I’m a runner and a priest. This means that my congregation is regularly subjected to running metaphors in my preaching. Sometimes the metaphors work the other way though. Sometimes it’s the stories of my faith that help me to understand my running. It was a parable of Jesus that became the defining image for this year’s marathon race, offering me notes of both caution and grace.
The parable is short and its message one of the more direct of Jesus’ teaching. “What king,” he asks, “would go to war against another king without first sitting down with his counselors to discuss whether his army of 10,000 could defeat the 20,000 soldiers marching against him?” The parable concludes that a leader would be foolish to do anything other than surrender unless their accounting assures them they have the resources to fight.
I crossed the finish line of my 42.2km distance in the Niagara Ultra this past spring. My time was not what I wanted. The run was excruciatingly painful through all of the third quarter. I had struggled with knee pain through the second half of my training, eventually seeking out a physiotherapist and pulling back on mileage exactly when I should have been ramping it up. “Better to save your knee and run the race more slowly than get benched,” was the physio’s advice. Because I didn’t know how serious the knee problems potentially were, I pulled back to a walking pace often on race day. I didn’t have the mental or physical confidence that I needed to push myself.
This wasn’t my first marathon. As the race approached, I tried to assess what had gone wrong, why my carefully prepared plan has gone awry. I used the same training schedule as before. I didn’t deviate from my assigned mileage; my health had been good. And yet, too late I realized that I was the king in the parable who didn’t count my troops before waging my offensive.
Yes, I put in place a plan to run. I followed that plan. What I didn’t do was plan all of the things that are needed to support my running: I didn’t plan for recovery. I let nutrition slide. I completely forgot to stretch. I compromised on sleep. Not once did I manage to squeeze in a massage appointment to work out the knots in my protesting muscles. I have never incorporated strength training into my weekly schedule, and as I get older, this oversight has bigger consequences.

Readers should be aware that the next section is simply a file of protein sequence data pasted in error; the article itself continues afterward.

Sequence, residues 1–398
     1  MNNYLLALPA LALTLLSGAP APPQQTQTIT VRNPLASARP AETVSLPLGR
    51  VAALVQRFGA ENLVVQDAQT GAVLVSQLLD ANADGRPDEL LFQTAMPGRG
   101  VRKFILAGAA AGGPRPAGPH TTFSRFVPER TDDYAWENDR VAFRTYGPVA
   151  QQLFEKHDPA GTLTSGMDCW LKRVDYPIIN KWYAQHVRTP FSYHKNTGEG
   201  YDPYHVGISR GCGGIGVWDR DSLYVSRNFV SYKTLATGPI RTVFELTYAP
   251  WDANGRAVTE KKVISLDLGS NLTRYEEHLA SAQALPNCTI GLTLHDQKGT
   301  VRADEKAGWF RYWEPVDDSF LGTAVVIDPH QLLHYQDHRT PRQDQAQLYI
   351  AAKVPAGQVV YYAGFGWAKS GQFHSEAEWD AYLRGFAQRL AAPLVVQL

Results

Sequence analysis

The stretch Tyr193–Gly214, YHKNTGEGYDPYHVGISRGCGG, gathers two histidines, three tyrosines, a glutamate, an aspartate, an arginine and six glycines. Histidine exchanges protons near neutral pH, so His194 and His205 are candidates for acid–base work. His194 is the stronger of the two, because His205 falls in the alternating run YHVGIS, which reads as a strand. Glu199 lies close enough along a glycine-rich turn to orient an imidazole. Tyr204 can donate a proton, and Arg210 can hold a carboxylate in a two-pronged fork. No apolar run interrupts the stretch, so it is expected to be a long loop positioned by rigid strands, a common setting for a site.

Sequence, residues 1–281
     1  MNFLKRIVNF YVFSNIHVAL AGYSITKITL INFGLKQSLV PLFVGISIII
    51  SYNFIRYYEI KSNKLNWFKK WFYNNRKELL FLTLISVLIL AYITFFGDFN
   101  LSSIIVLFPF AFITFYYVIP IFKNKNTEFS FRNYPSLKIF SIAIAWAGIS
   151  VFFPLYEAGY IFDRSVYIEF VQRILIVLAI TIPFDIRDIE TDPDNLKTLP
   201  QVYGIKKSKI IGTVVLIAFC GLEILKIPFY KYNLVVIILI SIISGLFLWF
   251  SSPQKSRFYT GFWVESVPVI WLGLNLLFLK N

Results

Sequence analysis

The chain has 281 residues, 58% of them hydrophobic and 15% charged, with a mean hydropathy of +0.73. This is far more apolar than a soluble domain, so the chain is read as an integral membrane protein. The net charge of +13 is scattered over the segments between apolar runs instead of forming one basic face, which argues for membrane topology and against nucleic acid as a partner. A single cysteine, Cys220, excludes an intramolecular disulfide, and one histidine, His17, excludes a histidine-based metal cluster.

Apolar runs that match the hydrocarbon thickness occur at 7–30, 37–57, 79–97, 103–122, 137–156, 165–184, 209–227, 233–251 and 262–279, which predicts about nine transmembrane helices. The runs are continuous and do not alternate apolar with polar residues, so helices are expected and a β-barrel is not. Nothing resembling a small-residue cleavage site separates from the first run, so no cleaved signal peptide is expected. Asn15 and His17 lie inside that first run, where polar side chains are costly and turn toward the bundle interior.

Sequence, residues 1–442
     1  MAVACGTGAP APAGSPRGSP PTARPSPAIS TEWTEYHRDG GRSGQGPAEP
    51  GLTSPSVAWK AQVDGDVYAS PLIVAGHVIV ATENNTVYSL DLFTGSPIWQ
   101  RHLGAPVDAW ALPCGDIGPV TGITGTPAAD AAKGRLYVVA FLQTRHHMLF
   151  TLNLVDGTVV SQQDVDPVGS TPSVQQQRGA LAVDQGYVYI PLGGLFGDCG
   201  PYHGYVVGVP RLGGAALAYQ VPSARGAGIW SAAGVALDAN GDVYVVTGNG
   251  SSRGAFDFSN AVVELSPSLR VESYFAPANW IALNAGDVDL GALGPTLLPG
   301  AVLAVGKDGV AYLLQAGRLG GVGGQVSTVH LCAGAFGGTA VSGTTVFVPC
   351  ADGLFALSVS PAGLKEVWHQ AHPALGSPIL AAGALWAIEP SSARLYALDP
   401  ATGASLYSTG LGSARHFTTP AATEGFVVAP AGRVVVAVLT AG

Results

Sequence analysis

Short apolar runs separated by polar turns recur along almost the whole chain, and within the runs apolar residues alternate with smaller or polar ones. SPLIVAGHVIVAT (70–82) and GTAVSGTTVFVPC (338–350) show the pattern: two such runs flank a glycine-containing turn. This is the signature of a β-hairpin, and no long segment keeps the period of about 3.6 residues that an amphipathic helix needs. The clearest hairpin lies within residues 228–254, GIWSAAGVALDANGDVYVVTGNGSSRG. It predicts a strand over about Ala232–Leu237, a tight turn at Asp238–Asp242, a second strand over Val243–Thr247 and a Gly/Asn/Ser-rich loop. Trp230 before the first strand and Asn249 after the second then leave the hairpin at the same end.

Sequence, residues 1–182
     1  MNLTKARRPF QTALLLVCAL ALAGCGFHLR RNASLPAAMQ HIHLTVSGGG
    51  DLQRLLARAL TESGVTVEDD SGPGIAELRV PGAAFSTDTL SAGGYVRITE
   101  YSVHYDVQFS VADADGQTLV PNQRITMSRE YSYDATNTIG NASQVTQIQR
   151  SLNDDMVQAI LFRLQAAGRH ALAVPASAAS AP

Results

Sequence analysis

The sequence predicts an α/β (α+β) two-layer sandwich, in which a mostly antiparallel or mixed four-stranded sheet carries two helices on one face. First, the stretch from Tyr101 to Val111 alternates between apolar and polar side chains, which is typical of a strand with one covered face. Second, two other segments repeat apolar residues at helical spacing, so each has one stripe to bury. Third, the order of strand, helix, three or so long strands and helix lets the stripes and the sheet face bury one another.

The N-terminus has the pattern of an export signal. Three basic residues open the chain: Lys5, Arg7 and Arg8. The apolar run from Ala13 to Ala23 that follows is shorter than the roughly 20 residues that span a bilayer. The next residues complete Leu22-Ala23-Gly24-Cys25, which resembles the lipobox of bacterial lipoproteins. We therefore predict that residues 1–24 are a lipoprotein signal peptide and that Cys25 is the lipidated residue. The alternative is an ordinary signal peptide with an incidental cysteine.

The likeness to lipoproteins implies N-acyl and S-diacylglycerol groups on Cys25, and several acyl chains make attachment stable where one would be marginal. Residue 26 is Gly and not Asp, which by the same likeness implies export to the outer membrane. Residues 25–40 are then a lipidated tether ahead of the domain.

I didn’t lapse on these things intentionally. I had failed to account for the different circumstances of this year’s training. I started running marathons in COVID when my schedule was more streamlined, online and from home. Kids’ activities were limited or non-existent, and travel wasn’t happening. I signed up for a marathon without counting the cost of a full church-workingparenting- traveling schedule on my training. I didn’t notice until it was too late that I hadn’t rallied enough troops.
While out on the course, I considered the possibility that this might be my last marathon. The agony of so many of the kilometers felt like a call to surrender. I love training, but I also have many competing demands on my time, and it’s unclear how I would be able to prioritize better the needs of marathon prep.
But then, “never again,” is a common message our brain and body sends us when we’re pushing our limits. I crossed that finish line, and I learned some things as I did. Three days out from race day, my knee felt normal again. I felt grateful for that, while also wondering if perhaps I should have pushed myself harder.
I didn’t quite admit defeat, but I also recognize the folly of getting myself into a situation for which I wasn’t adequately prepared. Our bodies aren’t limitlessly renewable resources, and I am lucky that mine favoured me with some unearned resilience this time around.
Jesus offers this parable in the context of the costliness of discipleship. Would-be followers, he tells them, need to be prepared to lay down their possessions and perhaps their very lives. Relationships can become strained and even broken because of choosing to follow Jesus. His words are startling and serious, asking the crowds to consider seriously what the way of the cross actually asks of us.
I hear a note of humour in this parable too though, because we all know that far too many battles get waged on bluster and big talk and little else. Interestingly, Jesus follows up these words with the parables of the lost sheep and the prodigal son. We are asked to invest our whole selves into the life of Jesus. And also, God is God of mercy and grace, who seeks us out personally and with love when we don’t pass muster, when our strength and sense of direction fails, when we don’t have the resources or the courage to use those resources in the way God asks.
As a runner, I hear this wisdom as the need to be more responsible with my legs and body, not to take for granted the work and planning I need to put in to being able to run. I hear grace, too—at the end of the day, each step is a gift, and I have received so much more than I ever deserve. That seems like a lesson for life too.